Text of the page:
Alex Cobb is the Tampa Bay Rays’ ace, but he remains sidelined from the forearm tendinitis that prevented him from making his first Opening Day start. Only now is he making tangible progress towards his return as he will toss a bullpen session today. While Cobb remains far away, though, the Rays are getting another pitcher back, lefty Drew Smyly, and they are wondering just how good he can be.
We saw how effective Drew Smyly was after the Rays acquired him in the David Price trade. He delivered a 1.70 ERA and a 44-11 strikeout to walk ratio in his first seven starts and 47.2 innings pitched. It was his most successful seven-start stretch in his career, outpacing his 2.31 ERA in his first seven MLB outings (which, interestingly enough, began against the Rays on April 12, 2012). We also saw reason to believe that his performance was far from a fluke.
We immediately heard the comments that Smyly was a different pitcher with the Tampa Bay Rays than he was with the Detroit Tigers. He was throwing more fastballs up in the zone, emulating Jake Odorizzi, and his cutter was looking like David Price’s. Here are the money graphs for the fastball point courtesy of Brooks Baseball (click to expand, and it may come after an ad).
The graph on the left is Smyly with the Tigers in 2014 while the graph on the right is Smyly with the Rays. Look at the two, and it quickly becomes apparent that Smyly was throwing a lot more fastballs above the zone and at its uppermost limits. When a pitcher can command his heater in the gray area where a hitter will swing at a pitch up but still can’t make contact, it can lead to dominance. Smyly demonstrated that quite well in his first seven starts with the team.
We always want to shy away from implying causation, but Smyly’s whiff rate on his four-seamer jumped from 6.42% of the time with the Tigers to 9.97% with the Rays. That was a statistically significant result with a p-value of .00336 (think 300 to 1 odds). We will have to see if Smyly can maintain that–hitters will certainly make adjustments–but something appeared to click for Smyly’s fastball once he joined the Rays, and it will only help him moving forward.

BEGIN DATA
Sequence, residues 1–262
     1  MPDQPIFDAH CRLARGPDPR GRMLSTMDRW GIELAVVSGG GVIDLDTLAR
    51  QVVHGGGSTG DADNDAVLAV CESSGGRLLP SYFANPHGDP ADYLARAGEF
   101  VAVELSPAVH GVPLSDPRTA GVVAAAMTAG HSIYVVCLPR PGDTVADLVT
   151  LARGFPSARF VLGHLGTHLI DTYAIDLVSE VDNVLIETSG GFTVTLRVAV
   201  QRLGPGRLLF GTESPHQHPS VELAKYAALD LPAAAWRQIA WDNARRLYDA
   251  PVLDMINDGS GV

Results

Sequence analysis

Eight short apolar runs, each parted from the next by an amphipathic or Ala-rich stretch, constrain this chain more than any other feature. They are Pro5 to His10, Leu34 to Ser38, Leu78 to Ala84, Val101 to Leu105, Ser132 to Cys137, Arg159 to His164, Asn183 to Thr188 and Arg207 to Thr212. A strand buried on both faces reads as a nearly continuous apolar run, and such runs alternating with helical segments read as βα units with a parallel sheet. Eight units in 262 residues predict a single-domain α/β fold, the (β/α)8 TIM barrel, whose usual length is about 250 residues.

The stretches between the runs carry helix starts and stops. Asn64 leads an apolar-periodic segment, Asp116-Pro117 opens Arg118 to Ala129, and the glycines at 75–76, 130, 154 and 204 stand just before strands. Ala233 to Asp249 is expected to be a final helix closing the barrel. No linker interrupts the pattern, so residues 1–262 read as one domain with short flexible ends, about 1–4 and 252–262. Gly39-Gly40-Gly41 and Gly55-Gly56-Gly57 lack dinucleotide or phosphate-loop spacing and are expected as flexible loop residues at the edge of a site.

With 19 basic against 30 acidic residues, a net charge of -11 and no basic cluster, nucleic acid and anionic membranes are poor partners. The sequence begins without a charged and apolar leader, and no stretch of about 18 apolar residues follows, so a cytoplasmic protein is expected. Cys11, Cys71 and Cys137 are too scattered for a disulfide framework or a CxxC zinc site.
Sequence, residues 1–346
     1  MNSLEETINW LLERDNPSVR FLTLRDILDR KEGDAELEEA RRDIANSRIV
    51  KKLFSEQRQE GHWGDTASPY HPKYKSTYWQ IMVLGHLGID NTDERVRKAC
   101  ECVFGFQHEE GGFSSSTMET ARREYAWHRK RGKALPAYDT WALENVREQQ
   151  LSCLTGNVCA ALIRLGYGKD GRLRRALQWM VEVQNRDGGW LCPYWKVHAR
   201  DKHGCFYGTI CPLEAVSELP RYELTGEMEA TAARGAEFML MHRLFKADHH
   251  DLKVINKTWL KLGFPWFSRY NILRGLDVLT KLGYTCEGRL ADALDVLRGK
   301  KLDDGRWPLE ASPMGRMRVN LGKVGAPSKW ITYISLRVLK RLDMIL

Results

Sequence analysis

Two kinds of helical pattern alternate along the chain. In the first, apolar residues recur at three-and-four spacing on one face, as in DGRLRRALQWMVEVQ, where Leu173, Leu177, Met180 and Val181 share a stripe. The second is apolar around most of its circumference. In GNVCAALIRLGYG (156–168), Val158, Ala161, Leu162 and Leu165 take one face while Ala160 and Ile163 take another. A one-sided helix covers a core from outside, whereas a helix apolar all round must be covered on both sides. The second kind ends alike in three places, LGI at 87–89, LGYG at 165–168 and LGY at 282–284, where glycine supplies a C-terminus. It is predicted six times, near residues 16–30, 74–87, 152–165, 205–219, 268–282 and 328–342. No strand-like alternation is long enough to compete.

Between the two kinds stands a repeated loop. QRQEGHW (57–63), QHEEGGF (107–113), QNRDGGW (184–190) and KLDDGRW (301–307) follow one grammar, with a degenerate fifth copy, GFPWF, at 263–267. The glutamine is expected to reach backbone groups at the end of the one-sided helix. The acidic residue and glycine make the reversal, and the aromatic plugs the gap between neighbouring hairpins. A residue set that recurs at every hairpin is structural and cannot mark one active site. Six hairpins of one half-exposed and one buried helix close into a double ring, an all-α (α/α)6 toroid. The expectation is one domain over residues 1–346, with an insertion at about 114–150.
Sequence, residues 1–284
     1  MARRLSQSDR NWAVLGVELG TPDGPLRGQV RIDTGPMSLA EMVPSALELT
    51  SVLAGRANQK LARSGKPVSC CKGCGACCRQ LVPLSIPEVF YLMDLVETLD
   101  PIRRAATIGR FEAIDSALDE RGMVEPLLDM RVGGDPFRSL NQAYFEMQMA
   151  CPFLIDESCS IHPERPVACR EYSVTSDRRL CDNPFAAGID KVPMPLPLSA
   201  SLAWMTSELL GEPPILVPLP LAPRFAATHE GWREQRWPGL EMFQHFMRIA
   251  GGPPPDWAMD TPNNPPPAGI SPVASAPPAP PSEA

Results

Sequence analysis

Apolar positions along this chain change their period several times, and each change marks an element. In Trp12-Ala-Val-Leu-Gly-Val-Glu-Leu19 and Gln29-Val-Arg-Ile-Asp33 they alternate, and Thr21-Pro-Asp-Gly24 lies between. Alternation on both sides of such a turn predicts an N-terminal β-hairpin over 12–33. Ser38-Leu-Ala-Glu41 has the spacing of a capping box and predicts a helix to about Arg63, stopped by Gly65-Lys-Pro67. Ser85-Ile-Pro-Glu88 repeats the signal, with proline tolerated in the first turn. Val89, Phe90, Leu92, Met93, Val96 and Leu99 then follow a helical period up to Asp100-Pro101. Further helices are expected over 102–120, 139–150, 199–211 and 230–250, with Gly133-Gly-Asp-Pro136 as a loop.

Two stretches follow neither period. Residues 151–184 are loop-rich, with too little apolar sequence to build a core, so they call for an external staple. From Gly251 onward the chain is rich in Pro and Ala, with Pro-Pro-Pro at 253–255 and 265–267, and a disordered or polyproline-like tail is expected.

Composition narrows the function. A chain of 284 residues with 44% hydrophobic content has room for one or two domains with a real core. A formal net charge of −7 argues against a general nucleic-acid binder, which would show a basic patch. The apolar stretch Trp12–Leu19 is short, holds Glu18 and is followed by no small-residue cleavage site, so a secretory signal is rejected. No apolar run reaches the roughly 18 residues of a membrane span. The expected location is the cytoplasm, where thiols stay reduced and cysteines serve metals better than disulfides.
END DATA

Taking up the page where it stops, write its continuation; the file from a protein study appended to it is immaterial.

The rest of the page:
For the cutter, meanwhile, Smyly was using his cutter like Price in that he was using a lot more against right-handed batters. His cutter usage against lefties stayed relatively constant at 20% with Detroit and 22% with the Rays, but it jumped from 11% to 20% versus opposite-side hitters. As the graphs will show, Smyly was really only throwing his cutter in one spot with the Tigers–down-and-in to righties and down-and-away from lefties–while the Rays had him expand its usage to elsewhere in the zone.
Smyly was still going to that same spot predominantly, but the Rays had him throw it down-and-away to righties a lot more often as well. Once again, let’s not say that all of Smyly’s improvements came from the Rays’ changes, but it is hard to ignore that he jumped from 57.9% strikes with his cutter to 66.9% while also improving his whiff rate and nearly doubling his groundball to flyball ratio. The Tampa Bay Rays saw an opportunity to have Smyly do more with his cutter, and the early returns were excellent.
With the Rays last season, Drew Smyly seemed to drastically improve his fastball and cutter and that could completely change his fortunes as a pitcher. If the stats weren’t enough for you, we can also talk about Tim Kurkjian’s comments on Buster Olney’s podcast. Kurkjian quoted anonymous big league managers who would rather face David Price than Smyly between his improvements on the mound and another factor, his deception. People think that Smyly’s breakthrough is real.
If Smyly can continue to dominate hitters, the Rays’ top three of Chris Archer, Jake Odorizzi, and him will rank among the best in baseball even with Alex Cobb and Matt Moore still out. There is reason for confidence about Smyly, and if both Cobb and him can pitch like aces, this team could start clicking. People counted on the Rays having a great rotation, but with Smyly leading the way alongside the franchise’s other talented starters, it could be even better than we thought.
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